Phil DeVol, author of Getting Ahead in a Just Gettin’-By-World, had the opportunity to train social service providers via Zoom in Slovakia as facilitators of Getting Ahead

Below is an edited Facebook posting from the nonprofit Cesta Von (in English, “the way out”) about their Getting Ahead graduation. 

Slovakian Getting Ahead participant singing

Click on the image to hear the singing of a Getting Ahead graduate in Slovakia.

“I didn’t even realize how valuable and powerful it was for them when I told them the news that they were selected,” said Marek, who coordinates Getting Ahead in the community in Zvolen. “One woman wanted to give me a hug, and another almost cried tears of joy while smiling from ear to ear and saying that this news made her day. Another man jumped up, took off his cap, and was visibly moved. Others looked as if they had been selected in a casting process.”

When Marek was discussing all these positive reactions with his wife, they acknowledged that people can get used to failure. In generational poverty, people commonly encounter rejection. Rarely do they succeed, and rarely does anyone want to listen to them.

This is how the beginning of the Getting Ahead program looked when the first group began to form. It was led by two facilitators, who met once per week. They explored topics such as the causes of poverty, the differences between the social classes, the hidden rules of social classes, and stages of personal change. They mapped community resources and explored their own resources and how to leverage them.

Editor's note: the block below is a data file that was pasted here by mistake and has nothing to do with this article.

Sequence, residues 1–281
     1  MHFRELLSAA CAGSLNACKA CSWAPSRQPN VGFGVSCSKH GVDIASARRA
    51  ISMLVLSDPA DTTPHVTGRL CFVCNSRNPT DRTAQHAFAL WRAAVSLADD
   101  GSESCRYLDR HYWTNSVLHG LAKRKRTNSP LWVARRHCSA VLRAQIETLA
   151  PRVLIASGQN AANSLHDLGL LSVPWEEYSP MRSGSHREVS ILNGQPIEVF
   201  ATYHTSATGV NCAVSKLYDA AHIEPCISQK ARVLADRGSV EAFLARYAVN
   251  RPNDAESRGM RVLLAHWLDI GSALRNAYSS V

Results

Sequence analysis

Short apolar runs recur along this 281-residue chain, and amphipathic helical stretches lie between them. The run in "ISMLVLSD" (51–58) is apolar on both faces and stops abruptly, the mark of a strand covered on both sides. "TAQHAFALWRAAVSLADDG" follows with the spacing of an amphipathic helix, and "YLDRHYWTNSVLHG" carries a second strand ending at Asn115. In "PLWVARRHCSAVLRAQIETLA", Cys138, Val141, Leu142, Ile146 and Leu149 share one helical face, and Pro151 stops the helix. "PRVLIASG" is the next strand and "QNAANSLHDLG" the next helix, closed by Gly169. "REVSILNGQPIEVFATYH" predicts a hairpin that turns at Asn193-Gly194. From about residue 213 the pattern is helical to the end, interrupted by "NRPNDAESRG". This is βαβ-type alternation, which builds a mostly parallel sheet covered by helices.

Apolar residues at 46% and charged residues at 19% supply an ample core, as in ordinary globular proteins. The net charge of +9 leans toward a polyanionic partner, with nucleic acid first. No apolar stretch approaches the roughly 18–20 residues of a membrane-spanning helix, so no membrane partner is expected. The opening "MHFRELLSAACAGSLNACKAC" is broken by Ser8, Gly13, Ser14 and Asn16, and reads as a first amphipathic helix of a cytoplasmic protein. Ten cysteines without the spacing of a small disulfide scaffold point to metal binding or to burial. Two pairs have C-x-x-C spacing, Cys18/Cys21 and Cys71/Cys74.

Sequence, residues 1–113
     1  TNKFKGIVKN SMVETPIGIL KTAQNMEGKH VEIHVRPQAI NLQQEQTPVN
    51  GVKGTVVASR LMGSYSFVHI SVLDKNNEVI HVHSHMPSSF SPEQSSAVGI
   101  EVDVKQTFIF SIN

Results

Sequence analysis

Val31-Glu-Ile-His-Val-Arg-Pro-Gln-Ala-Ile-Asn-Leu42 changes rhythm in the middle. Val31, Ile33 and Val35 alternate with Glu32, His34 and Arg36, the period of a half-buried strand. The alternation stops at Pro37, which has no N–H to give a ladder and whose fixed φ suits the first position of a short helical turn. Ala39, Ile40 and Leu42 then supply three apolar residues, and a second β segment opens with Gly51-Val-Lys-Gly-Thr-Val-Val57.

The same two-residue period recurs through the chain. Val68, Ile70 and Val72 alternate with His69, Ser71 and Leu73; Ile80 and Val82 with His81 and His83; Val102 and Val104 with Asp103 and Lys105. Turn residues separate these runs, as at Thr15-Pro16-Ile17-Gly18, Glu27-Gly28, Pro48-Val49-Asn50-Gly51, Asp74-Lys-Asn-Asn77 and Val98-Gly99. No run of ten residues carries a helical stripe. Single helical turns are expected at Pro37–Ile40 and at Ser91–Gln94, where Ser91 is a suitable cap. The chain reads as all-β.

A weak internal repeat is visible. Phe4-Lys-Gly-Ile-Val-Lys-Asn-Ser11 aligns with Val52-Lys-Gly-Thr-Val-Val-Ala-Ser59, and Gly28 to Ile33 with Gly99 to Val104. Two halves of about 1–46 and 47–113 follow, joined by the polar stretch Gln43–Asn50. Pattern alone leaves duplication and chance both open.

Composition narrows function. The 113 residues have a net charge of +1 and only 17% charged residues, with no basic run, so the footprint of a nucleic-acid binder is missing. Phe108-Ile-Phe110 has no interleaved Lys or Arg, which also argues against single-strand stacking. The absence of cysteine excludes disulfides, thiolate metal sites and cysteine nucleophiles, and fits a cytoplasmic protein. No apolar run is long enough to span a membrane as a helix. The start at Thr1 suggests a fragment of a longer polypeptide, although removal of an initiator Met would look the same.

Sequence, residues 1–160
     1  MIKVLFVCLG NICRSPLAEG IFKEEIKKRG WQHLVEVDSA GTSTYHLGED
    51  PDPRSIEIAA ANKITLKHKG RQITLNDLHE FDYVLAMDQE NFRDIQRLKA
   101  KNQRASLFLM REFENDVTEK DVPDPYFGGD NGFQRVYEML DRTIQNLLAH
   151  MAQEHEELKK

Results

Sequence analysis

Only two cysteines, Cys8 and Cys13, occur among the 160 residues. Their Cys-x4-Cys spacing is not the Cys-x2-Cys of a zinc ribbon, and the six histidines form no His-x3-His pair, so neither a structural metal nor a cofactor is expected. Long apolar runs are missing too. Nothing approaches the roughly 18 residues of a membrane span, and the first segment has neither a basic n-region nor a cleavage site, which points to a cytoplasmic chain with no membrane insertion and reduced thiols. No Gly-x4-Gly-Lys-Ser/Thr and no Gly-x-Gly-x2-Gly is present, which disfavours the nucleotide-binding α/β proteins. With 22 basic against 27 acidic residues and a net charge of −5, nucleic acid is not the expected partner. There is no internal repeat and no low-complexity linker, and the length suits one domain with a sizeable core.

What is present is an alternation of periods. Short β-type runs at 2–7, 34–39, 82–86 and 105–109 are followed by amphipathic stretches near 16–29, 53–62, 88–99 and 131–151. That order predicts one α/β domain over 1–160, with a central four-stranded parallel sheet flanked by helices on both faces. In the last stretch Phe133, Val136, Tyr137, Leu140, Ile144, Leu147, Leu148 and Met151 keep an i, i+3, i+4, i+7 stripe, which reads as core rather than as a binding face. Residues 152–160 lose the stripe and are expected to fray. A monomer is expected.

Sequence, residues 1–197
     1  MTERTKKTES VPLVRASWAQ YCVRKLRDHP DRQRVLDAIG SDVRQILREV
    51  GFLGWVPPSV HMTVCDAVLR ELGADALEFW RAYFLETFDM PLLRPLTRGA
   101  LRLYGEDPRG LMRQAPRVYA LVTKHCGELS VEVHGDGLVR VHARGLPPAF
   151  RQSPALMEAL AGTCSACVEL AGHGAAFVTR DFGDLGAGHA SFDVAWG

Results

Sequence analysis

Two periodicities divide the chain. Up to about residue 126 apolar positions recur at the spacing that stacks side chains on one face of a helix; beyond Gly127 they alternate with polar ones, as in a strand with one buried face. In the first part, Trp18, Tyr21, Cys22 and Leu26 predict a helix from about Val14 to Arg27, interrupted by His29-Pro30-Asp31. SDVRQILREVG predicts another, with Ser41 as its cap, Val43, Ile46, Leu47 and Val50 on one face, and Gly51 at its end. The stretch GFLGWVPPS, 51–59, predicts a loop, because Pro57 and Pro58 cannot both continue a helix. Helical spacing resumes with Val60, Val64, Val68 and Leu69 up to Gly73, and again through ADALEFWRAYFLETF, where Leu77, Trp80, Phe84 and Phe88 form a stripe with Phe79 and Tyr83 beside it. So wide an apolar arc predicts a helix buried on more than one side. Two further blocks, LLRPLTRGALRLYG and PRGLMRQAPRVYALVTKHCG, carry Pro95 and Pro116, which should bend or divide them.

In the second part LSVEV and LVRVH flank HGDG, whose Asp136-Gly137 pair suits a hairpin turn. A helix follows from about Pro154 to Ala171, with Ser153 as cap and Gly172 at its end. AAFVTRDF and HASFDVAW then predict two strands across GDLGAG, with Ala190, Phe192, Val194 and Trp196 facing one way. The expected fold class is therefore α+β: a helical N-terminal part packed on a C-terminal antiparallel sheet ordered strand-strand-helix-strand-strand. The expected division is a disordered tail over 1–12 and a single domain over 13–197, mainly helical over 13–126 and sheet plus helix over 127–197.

In the program, participants were viewed as experts who know best. They were not listeners but teachers, as experts on their situation and in trying to name solutions. Forming this group was hard. Final formation of the group was formed after the sixth meeting.

Five participants finished the program, despite the obstacles. In the group of four women and one man, all experienced positive change in their lives.

The culmination was the awarding of certificates. Everyone from the group invited their family members. Others from the community in attendance included the head of the municipal office, a representative from the office of the commissioner for Roma communities, and representatives from Cesta Von.

Graduate Anička Oláhová gave a speech for the group. She surprised participants by singing a song, which she composed for the occasion. The translated lyrics are:

We are seeking a world in which life is quite perfect

We are seeking a direction in which we can sail with ease

We are seeking a ship that floats with humility; just a little bit is enough to remain human

If you’re waiting for a person to help you get up off the ground, don’t forget, you can be dropped off the ship

With a pirate’s look I always take a swim

I like people; that’s why I’m choosing this direction

Come with me; we can meet new people and show them how to love

I want to stand by them

Come with me; we can meet new people and show them how to love

I know how to stand by them

Organizers were inspired by a similar American program implemented by aha! Process. Organizers tested the program and adapted it to their situation. After the experience gained from the pilot project, organizers plan to start another group to help people in the Roma community in Slovakia.